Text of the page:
Without question, the most successful of fantasy football owners have lost all devotion to any particular NFL team. Once one becomes sentimental towards a particular player, once one refuses to acknowledge that any player on their favorite football team can deserve anything less than universal recognition all hope of fielding a successful fantasy football team is lost. Being from Minnesota, I know of owners partial to drafting Minnesota Viking’ players. Generally, these owners finish last. There are owners that refuse to believe their running back will never again rush for one-thousand yards and have kept that running back on their roster to the point where all trade value for that player is reduced to little or nothing. The successful player can live with the ambiguity of cheering for an opposing player to score against what was at one time his favorite NFL team. The successful owner will spend hours studying the injured reserve chart and make adjustments to his lineup accordingly. Maybe because I have no desire to spend more than five minutes per week reading through the waiver wire and trying to pickup players that were somehow not a part of the 180 players that are off limits in my league, I have never had that successful season that gave me lasting satisfaction.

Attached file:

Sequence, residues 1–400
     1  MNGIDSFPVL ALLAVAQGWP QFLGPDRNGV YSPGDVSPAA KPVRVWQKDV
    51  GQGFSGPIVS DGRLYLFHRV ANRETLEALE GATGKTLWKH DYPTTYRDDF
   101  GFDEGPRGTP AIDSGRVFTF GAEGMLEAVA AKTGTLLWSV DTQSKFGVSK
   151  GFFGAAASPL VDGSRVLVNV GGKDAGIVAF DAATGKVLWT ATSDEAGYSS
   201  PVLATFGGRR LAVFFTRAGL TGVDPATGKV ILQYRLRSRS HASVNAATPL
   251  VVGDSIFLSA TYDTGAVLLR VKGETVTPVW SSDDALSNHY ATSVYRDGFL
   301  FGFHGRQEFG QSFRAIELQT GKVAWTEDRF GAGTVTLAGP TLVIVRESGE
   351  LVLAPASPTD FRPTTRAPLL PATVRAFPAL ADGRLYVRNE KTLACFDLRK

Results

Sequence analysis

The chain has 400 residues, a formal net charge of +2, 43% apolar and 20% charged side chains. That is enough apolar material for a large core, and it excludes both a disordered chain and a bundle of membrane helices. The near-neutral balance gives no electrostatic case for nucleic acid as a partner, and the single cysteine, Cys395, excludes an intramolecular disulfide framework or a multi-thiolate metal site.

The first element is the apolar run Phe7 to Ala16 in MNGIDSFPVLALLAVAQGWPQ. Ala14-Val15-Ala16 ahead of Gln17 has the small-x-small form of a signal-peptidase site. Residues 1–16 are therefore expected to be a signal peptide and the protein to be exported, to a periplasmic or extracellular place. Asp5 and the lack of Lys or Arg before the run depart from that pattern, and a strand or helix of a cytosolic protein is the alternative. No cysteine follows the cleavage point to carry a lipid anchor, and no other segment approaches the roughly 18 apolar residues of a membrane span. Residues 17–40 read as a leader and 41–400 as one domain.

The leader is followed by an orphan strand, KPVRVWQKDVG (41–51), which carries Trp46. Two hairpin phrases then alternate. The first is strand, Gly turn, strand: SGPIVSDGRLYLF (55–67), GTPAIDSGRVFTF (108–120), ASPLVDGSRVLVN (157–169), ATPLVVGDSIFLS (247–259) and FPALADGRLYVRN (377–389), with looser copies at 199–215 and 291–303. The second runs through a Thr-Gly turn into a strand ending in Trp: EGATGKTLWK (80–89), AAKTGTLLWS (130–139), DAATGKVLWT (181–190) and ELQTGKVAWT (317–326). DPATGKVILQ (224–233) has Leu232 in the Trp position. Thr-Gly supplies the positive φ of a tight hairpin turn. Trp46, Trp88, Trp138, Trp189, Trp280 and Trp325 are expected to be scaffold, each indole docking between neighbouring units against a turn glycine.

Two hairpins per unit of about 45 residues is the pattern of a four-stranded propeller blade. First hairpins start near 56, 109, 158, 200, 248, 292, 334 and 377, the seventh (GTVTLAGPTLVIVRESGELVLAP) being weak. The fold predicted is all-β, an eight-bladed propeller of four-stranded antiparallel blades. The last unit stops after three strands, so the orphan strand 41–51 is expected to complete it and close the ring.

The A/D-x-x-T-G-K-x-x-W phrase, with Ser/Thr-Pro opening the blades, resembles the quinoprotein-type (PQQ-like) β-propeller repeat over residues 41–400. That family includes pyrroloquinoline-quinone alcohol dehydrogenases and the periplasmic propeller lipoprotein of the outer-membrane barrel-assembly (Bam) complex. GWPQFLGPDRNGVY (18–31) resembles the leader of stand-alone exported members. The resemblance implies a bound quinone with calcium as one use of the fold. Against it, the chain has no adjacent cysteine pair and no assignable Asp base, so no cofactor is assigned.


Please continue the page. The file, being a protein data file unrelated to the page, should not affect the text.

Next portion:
One would think with the advent of the internet, fantasy football would become less time-consuming because now most of the statistics used for scoring can be found online. In fact, just the opposite is happening. Since the computer helps fantasy commissioners manage their league so much more easily, participants are now joining more and more leagues. This creates additional mental anguish in that the player that may help you in one league may mean the defeat for another team you have in a different league. In any case, if one participates in four of five leagues that person may have to keep track of a hundred or more players each week.
Don’t fool yourselves that fantasy football participants are in it for the sake of enjoyment and camaraderie. If an owner happens to win, they will boast about it. If they lose they will sulk. Fantasy Football owners will gamble (and often lose) large sums of cash. The league owners often pool their money with the winner of the league taking everything. Actually, the real winners in a fantasy football competition are limited to the NFL, the television networks and Las Vegas. Most fantasy owners end up watching more football games than they ever were truly interested in because the activity has taken over their lives. I forgot to mention above: to be a successful owner you need to give up on everything that will make for the highest quality of life. Health, the outdoors, children, spouse, and a successful career – these are secondary interests.
NOTE: I’m sort of hoping that members of my fantasy football league never read this posting. In fact, I also hope that they never read my website. They probably wouldn’t approve.
© Robert S. Miller 2010